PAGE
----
How to Buy a Foreclosed Home



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When you buy a foreclosed home, you're cashing in on a home someone was no longer able to pay for. Foreclosures are difficult--both to locate and to execute the transactions--but the potential to turn them over for a tidy profit may be there.

  1. Understand that foreclosure means that because a home owner has become unable to pay the mortgage, the lender takes back the property. The legal steps involved differ from state to state.
  2. Investigate the advantages. Since a bank or other lender wants to recover as much of its investment as quickly as possible, foreclosed homes are often unloaded at significant discounts-- upwards of 30 percent or more.
  3. Find an agent experienced in foreclosures. Some sellers won't accept offers from unrepresented buyers.
  4. Search for foreclosure listings in real estate magazines, newsletters, newspapers and Internet search engines. Call lenders for real estate owned (REO) properties lists of foreclosures. Government agencies such as Fannie Mae (fanniemae.com) and the Department of Housing and Urban Development (hud.gov) also advertise foreclosed homes for sale. Check public records for other leads. A lender deciding to foreclose must file a notice of default in the local county clerk's office.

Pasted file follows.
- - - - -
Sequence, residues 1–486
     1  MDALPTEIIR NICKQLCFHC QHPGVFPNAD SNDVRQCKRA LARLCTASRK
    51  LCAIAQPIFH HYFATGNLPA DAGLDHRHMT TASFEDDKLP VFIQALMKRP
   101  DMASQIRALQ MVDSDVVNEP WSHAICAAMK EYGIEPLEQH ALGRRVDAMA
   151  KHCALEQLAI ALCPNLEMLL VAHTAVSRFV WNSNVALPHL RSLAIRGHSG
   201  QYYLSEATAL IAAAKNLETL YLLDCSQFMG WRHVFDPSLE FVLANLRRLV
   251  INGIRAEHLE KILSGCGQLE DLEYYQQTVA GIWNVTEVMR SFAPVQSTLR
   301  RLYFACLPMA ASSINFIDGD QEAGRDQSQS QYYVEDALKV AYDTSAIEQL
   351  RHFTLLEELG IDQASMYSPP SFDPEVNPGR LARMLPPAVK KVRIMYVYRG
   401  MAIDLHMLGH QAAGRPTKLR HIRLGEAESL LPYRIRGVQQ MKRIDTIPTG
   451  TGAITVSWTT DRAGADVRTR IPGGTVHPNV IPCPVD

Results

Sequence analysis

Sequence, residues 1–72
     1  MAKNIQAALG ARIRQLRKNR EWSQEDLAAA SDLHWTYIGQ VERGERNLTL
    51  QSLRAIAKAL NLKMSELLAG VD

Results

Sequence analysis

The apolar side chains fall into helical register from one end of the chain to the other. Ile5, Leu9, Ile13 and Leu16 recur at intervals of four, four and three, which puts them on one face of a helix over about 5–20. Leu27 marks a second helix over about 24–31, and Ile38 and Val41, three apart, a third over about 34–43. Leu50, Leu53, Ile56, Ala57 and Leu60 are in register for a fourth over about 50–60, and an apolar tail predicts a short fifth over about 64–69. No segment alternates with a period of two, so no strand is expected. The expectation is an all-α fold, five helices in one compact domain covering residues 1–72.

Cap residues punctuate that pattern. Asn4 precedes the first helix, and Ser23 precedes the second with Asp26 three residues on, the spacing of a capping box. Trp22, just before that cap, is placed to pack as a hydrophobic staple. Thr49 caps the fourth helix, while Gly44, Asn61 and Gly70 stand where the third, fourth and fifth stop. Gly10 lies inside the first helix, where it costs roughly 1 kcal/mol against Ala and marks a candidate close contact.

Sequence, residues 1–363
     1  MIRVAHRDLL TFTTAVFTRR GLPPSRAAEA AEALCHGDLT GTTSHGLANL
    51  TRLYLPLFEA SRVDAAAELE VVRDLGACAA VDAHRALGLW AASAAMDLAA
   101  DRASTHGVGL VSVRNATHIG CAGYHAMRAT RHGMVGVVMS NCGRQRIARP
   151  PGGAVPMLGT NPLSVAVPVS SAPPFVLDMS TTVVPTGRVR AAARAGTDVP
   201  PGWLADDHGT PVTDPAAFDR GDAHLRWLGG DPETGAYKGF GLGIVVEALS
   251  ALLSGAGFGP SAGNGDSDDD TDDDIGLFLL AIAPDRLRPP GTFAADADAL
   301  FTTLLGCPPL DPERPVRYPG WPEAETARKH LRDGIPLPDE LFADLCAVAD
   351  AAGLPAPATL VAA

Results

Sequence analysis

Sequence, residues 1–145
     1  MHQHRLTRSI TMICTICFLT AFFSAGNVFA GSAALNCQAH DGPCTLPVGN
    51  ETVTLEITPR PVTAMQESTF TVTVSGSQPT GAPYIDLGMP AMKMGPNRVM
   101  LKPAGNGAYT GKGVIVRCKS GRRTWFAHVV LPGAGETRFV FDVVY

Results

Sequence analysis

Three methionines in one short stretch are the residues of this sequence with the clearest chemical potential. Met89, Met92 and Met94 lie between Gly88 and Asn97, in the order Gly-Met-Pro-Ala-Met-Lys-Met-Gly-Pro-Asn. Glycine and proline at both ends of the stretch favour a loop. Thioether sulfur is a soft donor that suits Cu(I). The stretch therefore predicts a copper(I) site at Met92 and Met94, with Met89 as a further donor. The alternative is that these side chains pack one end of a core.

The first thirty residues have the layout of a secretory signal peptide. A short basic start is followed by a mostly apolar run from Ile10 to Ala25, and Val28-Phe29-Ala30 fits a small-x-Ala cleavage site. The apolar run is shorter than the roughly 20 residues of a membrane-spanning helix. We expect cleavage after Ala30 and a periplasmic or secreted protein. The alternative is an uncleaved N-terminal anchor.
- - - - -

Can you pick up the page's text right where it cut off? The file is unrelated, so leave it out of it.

5. Tour the property and inspect it as closely as possible. Some foreclosures--unlike fixer-uppers--are in fairly good shape. Others may be behind in maintenance.
  6. Have your agent check nearby or comparable homes to see if the asking price for a foreclosed home is, in fact, a bargain.
  7. Check your credit report and correct any defaults or outdated information. Get prequalified for a mortgage (see How to Shop for a Mortgage). Depending on the agency handling the sale, it may be required.
  8. Find out if there is a listing broker and make an offer.
  9. Check to see if a foreclosed home has any liens on it, such as unpaid property taxes. Find out who is liable for those costs.
  10. Have the home inspected if the seller allows. Some sellers include this as part of the sales agreement, but the buyer still pays for it.
  11. Be prepared to deal with more paperwork with a foreclosure than you would with a conventional purchase, particularly when a government agency is involved.
By an eHow Contributor


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